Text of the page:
Éire / Éireann/ Éirenn / Éirinn / Erin
Ériu was a Queen and patron goddess of Ireland around the time of the Milesian invasion. She was seen as the Goddess of Irish Sovereignty along with her sisters, Banba and Fódla. Ériu’s name is thought mean ‘earth, soil’ or ‘plentiful’, as well as ‘fat land’ or ‘land of abundance’.
Ériu was the daughter of Fiachna mac Delbaeth and Ernmas of the Tuatha Dé Danann, the mythical race of people who inhabited Ireland before the Celts. Her husband was thought to be Mac Gréine (‘Son of the Sun’), who was the son of Oghma and grandson to the Dagda. Ériu’s son Bres was also known as Bres Mac Elatha, which could indicate her relationship with Elatha, a prince of the Fomorians. Bres later became High King of Ireland after Nuada, but was quickly found unfit to rule and replaced by Lugh. Ériu was also thought to be the lover of the hero Lugh.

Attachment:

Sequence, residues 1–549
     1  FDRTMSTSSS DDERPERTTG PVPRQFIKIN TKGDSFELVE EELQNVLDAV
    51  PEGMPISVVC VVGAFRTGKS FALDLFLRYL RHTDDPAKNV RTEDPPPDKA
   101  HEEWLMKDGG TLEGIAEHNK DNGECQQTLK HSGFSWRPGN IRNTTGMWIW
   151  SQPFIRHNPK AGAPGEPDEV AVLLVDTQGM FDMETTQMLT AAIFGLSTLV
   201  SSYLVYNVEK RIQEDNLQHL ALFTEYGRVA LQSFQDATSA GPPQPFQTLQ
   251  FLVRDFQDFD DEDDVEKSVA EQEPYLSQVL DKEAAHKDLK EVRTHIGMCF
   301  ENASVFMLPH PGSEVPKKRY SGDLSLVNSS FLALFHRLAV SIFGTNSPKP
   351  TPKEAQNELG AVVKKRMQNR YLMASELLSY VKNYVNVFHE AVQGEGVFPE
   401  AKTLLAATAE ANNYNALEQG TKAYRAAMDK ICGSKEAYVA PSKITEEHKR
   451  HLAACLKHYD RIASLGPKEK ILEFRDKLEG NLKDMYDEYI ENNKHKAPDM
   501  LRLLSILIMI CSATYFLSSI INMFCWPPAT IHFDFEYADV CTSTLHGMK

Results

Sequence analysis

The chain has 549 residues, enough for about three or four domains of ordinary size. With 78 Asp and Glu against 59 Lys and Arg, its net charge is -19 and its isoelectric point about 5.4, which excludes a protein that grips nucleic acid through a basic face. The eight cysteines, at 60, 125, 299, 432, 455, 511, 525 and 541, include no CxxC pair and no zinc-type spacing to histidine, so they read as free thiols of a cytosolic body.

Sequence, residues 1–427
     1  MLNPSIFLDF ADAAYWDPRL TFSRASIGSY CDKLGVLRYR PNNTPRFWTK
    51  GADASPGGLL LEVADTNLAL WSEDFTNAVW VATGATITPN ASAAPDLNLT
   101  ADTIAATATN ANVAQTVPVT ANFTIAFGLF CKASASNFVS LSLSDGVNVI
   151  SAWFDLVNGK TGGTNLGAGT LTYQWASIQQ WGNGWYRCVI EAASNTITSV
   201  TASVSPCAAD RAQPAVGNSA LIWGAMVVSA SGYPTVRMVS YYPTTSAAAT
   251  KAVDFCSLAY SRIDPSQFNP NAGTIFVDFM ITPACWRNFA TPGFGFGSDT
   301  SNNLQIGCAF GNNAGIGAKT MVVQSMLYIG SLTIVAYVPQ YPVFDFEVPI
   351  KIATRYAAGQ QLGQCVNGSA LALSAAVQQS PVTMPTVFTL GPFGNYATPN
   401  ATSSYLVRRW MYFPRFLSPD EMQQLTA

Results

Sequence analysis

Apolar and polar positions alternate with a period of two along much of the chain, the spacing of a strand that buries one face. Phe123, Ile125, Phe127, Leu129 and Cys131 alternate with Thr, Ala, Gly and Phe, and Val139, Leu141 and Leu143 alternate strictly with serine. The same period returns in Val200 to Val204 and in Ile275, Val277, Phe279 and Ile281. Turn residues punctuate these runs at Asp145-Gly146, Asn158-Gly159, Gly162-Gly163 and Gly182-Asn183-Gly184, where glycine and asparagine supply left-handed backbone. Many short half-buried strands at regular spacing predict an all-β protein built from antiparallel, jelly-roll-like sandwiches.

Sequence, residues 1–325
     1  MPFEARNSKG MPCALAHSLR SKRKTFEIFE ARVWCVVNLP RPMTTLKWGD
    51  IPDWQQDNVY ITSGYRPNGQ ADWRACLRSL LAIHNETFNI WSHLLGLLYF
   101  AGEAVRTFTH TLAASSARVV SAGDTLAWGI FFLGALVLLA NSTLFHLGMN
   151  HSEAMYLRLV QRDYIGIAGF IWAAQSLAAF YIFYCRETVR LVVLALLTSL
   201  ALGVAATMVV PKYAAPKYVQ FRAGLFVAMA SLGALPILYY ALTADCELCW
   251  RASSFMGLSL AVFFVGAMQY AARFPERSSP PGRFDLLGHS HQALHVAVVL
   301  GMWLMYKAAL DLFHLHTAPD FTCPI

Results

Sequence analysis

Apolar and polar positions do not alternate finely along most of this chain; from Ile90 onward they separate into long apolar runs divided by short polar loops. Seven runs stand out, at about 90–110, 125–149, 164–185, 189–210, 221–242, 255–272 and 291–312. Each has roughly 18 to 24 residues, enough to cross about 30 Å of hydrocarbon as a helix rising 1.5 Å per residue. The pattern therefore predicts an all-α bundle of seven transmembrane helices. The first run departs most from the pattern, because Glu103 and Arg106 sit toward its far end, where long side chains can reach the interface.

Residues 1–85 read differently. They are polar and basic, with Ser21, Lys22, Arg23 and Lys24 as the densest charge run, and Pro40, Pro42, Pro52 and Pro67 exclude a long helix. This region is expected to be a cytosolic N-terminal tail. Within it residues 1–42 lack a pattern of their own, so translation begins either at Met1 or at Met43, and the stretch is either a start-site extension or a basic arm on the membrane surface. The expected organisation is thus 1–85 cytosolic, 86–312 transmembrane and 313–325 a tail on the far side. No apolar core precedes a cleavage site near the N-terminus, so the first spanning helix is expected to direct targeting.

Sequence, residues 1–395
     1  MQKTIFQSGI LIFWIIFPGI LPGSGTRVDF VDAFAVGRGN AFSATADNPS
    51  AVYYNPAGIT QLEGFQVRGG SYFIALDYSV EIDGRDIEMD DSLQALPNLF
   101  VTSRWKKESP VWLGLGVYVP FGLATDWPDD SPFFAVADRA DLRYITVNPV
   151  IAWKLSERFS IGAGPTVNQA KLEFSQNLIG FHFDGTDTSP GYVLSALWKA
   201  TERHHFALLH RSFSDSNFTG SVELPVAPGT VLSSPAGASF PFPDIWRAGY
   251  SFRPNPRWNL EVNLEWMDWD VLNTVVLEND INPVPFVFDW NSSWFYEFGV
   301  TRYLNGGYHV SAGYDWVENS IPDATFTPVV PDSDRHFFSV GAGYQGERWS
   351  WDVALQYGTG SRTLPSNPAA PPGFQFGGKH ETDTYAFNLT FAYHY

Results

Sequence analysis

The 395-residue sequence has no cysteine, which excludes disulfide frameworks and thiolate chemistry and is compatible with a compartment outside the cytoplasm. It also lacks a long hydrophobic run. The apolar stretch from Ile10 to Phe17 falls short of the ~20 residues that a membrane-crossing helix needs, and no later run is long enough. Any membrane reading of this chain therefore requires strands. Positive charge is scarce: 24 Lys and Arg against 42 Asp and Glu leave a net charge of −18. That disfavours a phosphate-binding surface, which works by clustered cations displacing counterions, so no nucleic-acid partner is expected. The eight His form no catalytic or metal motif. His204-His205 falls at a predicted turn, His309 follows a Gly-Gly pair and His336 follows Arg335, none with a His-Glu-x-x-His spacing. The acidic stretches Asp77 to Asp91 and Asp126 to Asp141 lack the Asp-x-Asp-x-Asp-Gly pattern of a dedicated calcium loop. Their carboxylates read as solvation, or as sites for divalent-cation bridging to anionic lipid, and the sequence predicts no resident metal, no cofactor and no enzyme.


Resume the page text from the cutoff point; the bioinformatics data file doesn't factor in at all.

The Book of Invasions, Lebor Gabála Érenn, describes how Ériu, Banba and Fódla each met with the Milesian bard Amergin. Each made a deal with Amergin about the impending invasion asking that their name be given to the new land. This request was granted, with Ériu or Éire being the most common name, however Banba and Fódla are still sometimes used as poetic names for Ireland.
Today the Gaelige name for Ireland is Éire, and the proper name of the Republic of Ireland is Poblacht na hÉireann. Ériu is thus seen as the modern day personification of the island of Ireland and a source of pride to the Irish people.
© The New Pagan (2014)